June 24, 2019; New York Times
An open letter addressed to the 2020 presidential candidates published this Monday argues strongly in favor of a wealth tax.
“A wealth tax,” the letter writers explain, “could help address the climate crisis, improve the economy, improve health outcomes, fairly create opportunity, and strengthen our democratic freedoms. Instituting a wealth tax is in the interest of our republic.”
The letter itself is not surprising. As Patricia Cohen notes in the New York Times, Senator Elizabeth Warren (D-MA) and Senator Bernie Sanders of Vermont have both advocated wealth taxes, and the idea has attracted broad support. A poll conducted in February found 61 percent of surveyed voters supported Warren’s proposal (versus 20 percent opposed and 19 percent undecided). Warren has proposed an annual tax of two percent on household wealth more than $50 million and a three percent levy on wealth in excess of $1 billion, a tax which she estimates would affect 75,000 families and raise $2.75 trillion over 10 years.
What is more unusual, however, explains Cohen, are the letter’s authors, who include “self-made billionaires like the financier George Soros and Chris Hughes, a Facebook co-founder, as well as heirs to dynastic riches like the filmmaker Abigail Disney and Liesel Pritzker Simmons and Ian Simmons, co-founders of the Blue Haven Initiative, an impact investment organization.”
It is not unheard of for wealthy individuals to oppose tax cuts—back in the 2000s, for example, a number of wealthy individuals, including Bill Gates Sr., opposed cuts in the estate tax. And at times, some, such as Warren Buffett, have indicated that taxes on the wealthy are too low; Buffett famously said it was wrong that he paid a lower income tax rate than his secretary. But a direct call by wealthy individuals to raise taxes that would only fall on themselves? That’s new.
“The letter came together in the last two weeks,” Cohen explains. “Eighteen individuals, spread among 11 families, added their names.”
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In the letter, they write, “The top one tenth of one percent of households now have almost as much wealth as all Americans in the bottom 90 percent. Those of signing this letter enjoy uncommon fortunes, but each of us wants to live in an America that solves the biggest challenges of our common future.”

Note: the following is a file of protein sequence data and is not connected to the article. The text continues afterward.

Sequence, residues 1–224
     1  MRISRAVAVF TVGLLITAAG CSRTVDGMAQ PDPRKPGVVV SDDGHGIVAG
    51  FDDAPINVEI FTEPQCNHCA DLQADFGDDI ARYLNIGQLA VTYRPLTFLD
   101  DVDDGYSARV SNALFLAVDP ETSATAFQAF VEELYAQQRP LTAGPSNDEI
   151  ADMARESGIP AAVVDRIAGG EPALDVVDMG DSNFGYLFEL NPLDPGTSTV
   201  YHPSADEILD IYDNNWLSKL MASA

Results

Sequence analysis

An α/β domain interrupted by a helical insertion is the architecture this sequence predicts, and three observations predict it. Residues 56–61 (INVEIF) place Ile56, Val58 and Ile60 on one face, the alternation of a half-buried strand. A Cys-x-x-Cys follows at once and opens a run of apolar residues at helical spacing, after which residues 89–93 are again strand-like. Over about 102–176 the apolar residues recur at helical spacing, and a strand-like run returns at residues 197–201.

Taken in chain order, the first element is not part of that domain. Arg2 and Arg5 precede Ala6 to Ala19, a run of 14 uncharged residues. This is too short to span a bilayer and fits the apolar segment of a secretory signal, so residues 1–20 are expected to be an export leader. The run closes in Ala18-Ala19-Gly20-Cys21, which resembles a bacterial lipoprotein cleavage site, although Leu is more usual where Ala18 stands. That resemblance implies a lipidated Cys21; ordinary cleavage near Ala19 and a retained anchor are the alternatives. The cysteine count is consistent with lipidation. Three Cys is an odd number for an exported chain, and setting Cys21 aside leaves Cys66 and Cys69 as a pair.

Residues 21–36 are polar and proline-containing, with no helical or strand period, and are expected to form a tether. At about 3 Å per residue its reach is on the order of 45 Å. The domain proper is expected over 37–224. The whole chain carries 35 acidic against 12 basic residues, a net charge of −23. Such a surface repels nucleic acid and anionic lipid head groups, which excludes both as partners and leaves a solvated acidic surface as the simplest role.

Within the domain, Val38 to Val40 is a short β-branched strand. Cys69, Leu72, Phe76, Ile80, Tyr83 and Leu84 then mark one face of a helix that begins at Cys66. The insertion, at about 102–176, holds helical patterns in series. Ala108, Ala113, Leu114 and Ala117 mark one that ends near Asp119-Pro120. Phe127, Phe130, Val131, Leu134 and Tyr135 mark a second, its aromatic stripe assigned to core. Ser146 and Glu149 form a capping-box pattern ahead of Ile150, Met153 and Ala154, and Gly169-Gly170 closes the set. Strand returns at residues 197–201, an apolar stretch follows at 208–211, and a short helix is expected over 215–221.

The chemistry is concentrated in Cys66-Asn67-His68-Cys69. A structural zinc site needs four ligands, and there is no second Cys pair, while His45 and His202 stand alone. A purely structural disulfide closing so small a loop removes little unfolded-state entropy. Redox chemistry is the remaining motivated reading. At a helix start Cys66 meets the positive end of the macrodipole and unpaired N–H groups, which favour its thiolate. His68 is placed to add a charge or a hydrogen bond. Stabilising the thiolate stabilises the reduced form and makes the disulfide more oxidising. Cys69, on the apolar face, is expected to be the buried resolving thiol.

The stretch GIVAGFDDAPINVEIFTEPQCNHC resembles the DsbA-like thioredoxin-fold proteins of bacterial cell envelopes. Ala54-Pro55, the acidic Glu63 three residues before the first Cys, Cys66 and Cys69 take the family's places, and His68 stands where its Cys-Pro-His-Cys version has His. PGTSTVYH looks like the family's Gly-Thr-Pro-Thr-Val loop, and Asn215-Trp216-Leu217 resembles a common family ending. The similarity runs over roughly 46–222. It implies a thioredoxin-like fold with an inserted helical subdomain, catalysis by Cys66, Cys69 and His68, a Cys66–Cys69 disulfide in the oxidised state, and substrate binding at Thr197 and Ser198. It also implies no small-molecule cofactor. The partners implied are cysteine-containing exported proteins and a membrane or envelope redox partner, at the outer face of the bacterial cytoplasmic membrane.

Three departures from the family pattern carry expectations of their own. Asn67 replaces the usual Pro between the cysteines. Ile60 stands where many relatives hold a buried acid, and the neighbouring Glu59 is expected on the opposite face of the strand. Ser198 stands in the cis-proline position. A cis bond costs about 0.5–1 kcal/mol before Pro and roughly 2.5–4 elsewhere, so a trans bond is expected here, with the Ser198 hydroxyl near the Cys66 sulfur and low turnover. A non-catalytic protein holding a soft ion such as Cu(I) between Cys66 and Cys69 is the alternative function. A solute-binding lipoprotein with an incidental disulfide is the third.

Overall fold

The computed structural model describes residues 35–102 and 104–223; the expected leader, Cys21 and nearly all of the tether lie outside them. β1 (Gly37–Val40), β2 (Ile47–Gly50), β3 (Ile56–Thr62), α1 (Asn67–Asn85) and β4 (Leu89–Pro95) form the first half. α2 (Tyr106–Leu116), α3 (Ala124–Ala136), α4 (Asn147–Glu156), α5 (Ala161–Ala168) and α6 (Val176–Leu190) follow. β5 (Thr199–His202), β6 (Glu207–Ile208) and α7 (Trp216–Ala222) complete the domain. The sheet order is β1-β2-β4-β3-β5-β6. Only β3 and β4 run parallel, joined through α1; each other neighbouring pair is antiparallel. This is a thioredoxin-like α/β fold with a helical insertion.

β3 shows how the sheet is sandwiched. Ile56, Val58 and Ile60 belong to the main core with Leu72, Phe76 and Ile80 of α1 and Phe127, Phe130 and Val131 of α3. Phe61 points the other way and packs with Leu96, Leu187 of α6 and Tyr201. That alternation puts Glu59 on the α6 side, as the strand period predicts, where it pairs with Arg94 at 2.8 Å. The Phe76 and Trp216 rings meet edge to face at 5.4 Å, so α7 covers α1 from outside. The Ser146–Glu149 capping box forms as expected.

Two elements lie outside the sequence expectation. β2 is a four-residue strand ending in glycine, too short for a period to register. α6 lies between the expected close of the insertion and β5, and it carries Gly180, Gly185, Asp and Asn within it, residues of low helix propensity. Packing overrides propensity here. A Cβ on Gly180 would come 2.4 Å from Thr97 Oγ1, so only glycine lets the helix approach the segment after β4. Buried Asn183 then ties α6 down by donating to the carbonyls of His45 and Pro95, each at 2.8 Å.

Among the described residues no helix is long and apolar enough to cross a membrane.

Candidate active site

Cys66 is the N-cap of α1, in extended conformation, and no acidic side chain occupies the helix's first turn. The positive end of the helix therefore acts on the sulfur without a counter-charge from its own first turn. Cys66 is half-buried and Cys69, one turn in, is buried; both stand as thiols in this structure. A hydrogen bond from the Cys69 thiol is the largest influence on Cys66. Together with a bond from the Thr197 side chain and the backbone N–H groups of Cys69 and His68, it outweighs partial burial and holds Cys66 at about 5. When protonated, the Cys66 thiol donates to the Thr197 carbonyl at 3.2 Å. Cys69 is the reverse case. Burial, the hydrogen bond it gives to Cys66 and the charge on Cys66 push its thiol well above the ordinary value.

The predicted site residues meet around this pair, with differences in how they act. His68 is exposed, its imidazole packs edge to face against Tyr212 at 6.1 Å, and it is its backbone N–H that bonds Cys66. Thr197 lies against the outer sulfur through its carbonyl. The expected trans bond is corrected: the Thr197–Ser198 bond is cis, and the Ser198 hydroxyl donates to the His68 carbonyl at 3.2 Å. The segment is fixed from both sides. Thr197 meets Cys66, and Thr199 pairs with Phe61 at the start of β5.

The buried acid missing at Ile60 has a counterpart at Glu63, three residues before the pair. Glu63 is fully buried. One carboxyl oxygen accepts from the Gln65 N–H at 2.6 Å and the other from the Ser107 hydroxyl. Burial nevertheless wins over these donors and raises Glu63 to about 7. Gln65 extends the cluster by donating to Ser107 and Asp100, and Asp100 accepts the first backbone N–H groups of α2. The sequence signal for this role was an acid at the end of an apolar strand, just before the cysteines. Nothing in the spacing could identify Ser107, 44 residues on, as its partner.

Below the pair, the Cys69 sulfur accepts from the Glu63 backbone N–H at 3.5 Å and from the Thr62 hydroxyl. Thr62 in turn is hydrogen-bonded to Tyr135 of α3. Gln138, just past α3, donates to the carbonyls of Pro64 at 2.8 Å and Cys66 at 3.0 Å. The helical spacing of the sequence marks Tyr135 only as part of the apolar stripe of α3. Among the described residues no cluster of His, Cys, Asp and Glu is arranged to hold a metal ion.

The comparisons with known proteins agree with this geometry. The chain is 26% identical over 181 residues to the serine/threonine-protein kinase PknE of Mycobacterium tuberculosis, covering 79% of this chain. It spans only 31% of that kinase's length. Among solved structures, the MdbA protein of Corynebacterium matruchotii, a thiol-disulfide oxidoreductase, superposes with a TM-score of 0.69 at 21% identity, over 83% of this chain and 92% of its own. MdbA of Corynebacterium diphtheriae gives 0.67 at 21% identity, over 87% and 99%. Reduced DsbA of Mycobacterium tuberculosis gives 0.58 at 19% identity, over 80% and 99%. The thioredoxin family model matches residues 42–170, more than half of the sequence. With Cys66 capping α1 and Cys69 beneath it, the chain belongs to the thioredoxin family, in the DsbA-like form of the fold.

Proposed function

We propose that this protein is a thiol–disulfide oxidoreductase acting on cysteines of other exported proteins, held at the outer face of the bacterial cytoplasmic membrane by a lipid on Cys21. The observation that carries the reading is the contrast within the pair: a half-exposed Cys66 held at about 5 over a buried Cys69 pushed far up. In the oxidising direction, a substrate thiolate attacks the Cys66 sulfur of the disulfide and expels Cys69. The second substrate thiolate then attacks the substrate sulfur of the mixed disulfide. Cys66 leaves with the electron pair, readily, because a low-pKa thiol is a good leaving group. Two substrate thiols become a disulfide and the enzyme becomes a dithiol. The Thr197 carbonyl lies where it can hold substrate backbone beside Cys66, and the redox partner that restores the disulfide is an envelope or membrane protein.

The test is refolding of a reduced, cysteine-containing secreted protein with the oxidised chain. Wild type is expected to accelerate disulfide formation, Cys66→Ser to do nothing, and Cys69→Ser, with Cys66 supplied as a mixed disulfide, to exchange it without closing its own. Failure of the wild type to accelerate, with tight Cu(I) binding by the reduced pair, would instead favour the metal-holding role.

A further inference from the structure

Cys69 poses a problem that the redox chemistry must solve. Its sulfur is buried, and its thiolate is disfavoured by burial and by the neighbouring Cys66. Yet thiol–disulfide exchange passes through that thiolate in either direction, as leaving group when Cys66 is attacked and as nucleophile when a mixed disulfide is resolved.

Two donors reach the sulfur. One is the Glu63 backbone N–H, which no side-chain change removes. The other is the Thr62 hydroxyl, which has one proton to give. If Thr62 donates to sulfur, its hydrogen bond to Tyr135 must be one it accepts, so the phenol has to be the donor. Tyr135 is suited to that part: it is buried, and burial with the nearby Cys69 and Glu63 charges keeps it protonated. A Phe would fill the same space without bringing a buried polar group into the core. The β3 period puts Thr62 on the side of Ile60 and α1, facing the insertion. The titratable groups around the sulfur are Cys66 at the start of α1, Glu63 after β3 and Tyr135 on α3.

Motivating the call, too, notes Cohen, is recent Federal Reserve data that confirms a remarkable shift of wealth toward the top (with the top one percent having a mean net worth of $9.23 million) even as the bottom fifty percent of the US population has an average net worth of roughly $7,000—a number that falls below zero if consumer durables like cars are excluded.
Why does the nation need a wealth tax? The signers identify six principal reasons:
- Climate Crisis: “A wealth tax asks those of us who have benefitted most from our economic system to help fix one of its most devastating and fatal flaws. “
- Economic Benefit: “America needs a revenue source for… aging infrastructure, child care, and education.” The writers add that using the tax to reduce student debt would “boost entrepreneurship and homeownership rates.”
- Health: The tax would finance improvements in “public health outcomes and extend life expectancies.”
- Fairness: “A wealth tax would help close the large gap in effective tax rates between very rich families and everyone else … This imbalance creates resentment and makes it harder for working-class Americans to achieve social mobility.”
- Democracy: A wealth tax “would slow the growing concentration of wealth that undermines the stability and integrity of our republic.”
- Patriotism: “Those of us in the richest one tenth of the richest one percent should be proud to pay a bit more of our fortune forward to America’s future. We’ll be fine—taking on this tax is the least we can do to strengthen the country we love.”
Among the signers, notes Cohen, in addition to those named above, are Seth Eldridge, husband of Chris Hughes; Seattle entrepreneur Nick Hanauer; attorney Molly Munger, whose father is vice chairman of Berkshire Hathaway; Munger’s husband, Stephen English; Stephen Silberstein, cofounder of Innovative Interfaces; philanthropist and arts patron Agnes Gund and her daughter Catherine Gund; the founding director of Aubin Pictures; Arnold Hiatt, chairman of Stride Rite Charitable Foundation; Justin Rosenstein, a cofounder of Asana; Robert Bowditch Jr., founder of MB Associates, a real estate developer firm and his wife, Louise; and Alexander Soros, deputy chair of the Open Society Foundations. One signer chose to remain anonymous.
The signers conclude with a final call:
Those of us who have signed this letter believe it is our duty to step up and support a wealth tax that taxes us. It is a key to both addressing our climate crisis, and a more competitive, stronger economy that would better serve millions of Americans. It would make America healthier. It is a fair way of creating opportunity. And it strengthens American freedom and democracy. It is not in our interest to advocate for this tax, if our interests are quite narrowly understood. But the wealth tax is in our interest as Americans.